• Tape: 3 Story: 10 - Patricia Stephens Due recalls her parents' reaction to her incarceration
  • Tape: 4 Story: 1 - Slating of Patricia Stephens Due's interview, session 2
  • Tape: 4 Story: 2 - Patricia Stephens Due remembers her nonviolent protest training
  • Tape: 4 Story: 3 - Patricia Stephens Due describes her time in Leon County Jail in Tallahassee, Florida
  • Tape: 4 Story: 4 - Patricia Stephens Due recalls her lecture tour upon her release from jail
  • Tape: 4 Story: 5 - Patricia Stephens Due describes her second arrest for protesting
  • Tape: 4 Story: 6 - Patricia Stephens Due recalls demonstrating around the time of her marriage
  • Tape: 4 Story: 7 - Patricia Stephens Due describes her husband's civil rights activities
  • Tape: 4 Story: 8 - Patricia Stephens Due recalls the tension between civil rights organizations
  • Tape: 4 Story: 9 - Patricia Stephens Due recalls becoming a CORE field secretary in Gadsden County, Florida
  • Tape: 5 Story: 1 - Patricia Stephens Due recalls voter registration in Gadsden County, Florida
  • Tape: 5 Story: 2 - Patricia Stephens Due recalls the reprisals to her voter registration activity
  • Tape: 5 Story: 3 - Patricia Stephens Due describes legal action during the Civil Rights Movement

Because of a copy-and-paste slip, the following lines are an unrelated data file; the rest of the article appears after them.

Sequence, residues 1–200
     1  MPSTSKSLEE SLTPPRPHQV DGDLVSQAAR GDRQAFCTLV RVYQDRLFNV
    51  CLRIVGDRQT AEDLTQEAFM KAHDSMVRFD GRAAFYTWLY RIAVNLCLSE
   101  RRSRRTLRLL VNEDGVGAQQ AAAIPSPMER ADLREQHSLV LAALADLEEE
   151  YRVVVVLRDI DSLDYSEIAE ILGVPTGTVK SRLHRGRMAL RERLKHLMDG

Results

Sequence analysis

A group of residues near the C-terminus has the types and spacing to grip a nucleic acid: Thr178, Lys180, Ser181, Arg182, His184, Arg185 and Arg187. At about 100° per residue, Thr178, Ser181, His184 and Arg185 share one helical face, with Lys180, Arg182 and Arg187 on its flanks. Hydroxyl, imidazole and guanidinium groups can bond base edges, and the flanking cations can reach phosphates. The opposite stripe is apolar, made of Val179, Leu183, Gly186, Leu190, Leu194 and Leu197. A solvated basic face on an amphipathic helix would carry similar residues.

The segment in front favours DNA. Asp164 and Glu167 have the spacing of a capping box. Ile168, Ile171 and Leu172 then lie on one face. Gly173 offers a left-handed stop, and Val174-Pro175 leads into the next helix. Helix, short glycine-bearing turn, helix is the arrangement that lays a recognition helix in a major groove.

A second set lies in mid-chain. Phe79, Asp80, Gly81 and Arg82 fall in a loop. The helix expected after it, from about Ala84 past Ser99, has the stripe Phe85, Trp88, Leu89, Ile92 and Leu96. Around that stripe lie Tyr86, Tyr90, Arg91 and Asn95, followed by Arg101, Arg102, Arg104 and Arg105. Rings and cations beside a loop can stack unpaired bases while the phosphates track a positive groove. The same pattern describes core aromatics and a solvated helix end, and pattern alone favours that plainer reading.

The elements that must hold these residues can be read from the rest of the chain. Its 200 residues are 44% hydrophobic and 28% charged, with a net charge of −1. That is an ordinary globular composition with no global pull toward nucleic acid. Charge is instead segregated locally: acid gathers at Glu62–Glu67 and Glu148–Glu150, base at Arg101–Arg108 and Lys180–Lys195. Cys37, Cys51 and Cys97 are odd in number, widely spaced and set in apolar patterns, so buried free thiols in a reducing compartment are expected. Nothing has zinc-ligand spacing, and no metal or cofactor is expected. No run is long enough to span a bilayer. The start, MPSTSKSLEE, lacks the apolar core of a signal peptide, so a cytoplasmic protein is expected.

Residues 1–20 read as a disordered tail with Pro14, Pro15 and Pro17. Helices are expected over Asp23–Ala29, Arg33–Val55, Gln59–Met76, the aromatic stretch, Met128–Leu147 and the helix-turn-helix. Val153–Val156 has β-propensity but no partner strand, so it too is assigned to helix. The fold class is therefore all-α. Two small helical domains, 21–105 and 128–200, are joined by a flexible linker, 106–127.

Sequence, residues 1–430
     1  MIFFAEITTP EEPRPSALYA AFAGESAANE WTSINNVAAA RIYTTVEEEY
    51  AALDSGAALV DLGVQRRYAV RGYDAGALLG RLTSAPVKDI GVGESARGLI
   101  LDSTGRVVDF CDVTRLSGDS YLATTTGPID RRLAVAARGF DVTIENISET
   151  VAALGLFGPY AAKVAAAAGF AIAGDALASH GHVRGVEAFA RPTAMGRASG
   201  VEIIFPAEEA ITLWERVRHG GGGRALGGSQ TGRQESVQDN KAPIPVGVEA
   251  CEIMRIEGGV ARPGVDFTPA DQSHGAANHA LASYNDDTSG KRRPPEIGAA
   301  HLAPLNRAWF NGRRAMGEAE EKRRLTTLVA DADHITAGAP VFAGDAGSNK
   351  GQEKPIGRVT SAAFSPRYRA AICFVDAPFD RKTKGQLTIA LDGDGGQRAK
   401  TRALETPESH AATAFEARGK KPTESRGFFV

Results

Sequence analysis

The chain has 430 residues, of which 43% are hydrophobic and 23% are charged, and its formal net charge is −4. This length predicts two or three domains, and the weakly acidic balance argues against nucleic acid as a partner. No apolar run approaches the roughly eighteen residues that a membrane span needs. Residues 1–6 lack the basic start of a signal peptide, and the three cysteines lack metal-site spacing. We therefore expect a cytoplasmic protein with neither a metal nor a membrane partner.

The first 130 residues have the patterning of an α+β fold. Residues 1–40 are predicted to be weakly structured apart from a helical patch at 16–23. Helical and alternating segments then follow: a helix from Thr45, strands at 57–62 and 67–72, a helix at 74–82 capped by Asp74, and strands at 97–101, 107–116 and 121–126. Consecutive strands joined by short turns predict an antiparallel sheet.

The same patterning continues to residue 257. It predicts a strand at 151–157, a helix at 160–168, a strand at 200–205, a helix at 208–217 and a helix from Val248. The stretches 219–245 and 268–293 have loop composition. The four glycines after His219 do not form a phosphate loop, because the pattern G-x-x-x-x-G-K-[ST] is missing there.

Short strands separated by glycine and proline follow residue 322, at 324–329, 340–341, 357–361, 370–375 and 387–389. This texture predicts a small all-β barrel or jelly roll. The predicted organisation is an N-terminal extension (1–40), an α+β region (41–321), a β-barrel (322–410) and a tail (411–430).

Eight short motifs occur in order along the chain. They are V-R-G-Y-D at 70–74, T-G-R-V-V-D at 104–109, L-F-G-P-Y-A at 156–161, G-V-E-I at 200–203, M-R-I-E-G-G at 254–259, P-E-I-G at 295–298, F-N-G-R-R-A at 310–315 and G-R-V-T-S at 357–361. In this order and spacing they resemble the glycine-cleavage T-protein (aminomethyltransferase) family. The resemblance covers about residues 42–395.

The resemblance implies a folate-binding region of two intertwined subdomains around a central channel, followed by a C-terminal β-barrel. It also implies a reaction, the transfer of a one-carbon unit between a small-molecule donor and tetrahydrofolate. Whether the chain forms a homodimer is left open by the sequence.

• Tape: 5 Story: 4 - Patricia Stephens Due recalls having her children
  • Tape: 5 Story: 5 - Patricia Stephens Due recalls her husband's suspension from the Florida bar
  • Tape: 5 Story: 6 - Patricia Stephens Due recalls her children's education
  • Tape: 5 Story: 7 - Patricia Stephens Due describes her book, 'Freedom in the Family'
  • Tape: 5 Story: 8 - Patricia Stephens Due describes her daughters' work on 'Freedom in the Family'
  • Tape: 6 Story: 1 - Patricia Stephens Due recalls the publication of 'Freedom in the Family'
  • Tape: 6 Story: 2 - Patricia Stephens Due describes her educational programs about the Civil Rights Movement
  • Tape: 6 Story: 3 - Patricia Stephens Due reflects upon the importance of history
  • Tape: 6 Story: 4 - Patricia Stephens Due recalls her sister's departure from the United States
  • Tape: 6 Story: 5 - Patricia Stephens Due reflects upon her life
  • Tape: 6 Story: 6 - Patricia Stephens Due talks about current social activism
  • Tape: 6 Story: 7 - Patricia Stephens Due reflects upon her legacy
  • Tape: 7 Story: 1 - Patricia Stephens Due narrates her photographs